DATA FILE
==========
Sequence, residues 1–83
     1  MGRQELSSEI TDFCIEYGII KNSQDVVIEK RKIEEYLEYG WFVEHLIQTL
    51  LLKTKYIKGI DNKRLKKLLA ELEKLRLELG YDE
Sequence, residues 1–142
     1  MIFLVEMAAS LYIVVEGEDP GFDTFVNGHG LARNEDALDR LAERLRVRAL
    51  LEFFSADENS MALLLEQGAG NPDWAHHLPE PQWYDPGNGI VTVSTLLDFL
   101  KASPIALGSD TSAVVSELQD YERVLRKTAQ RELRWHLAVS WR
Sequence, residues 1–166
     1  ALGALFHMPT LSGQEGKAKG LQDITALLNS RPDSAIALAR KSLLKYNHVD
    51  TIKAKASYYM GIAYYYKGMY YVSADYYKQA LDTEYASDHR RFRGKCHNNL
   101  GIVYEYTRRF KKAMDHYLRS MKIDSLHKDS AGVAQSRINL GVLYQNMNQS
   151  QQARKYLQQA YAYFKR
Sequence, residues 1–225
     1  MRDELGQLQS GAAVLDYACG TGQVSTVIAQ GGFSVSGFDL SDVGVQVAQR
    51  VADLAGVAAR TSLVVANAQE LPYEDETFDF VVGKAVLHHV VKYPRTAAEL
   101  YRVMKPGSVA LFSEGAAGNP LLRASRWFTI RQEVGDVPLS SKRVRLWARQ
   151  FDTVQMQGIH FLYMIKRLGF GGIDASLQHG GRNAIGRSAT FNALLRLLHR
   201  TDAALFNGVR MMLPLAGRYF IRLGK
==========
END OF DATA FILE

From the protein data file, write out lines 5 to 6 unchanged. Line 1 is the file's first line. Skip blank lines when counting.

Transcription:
     1  MIFLVEMAAS LYIVVEGEDP GFDTFVNGHG LARNEDALDR LAERLRVRAL
    51  LEFFSADENS MALLLEQGAG NPDWAHHLPE PQWYDPGNGI VTVSTLLDFL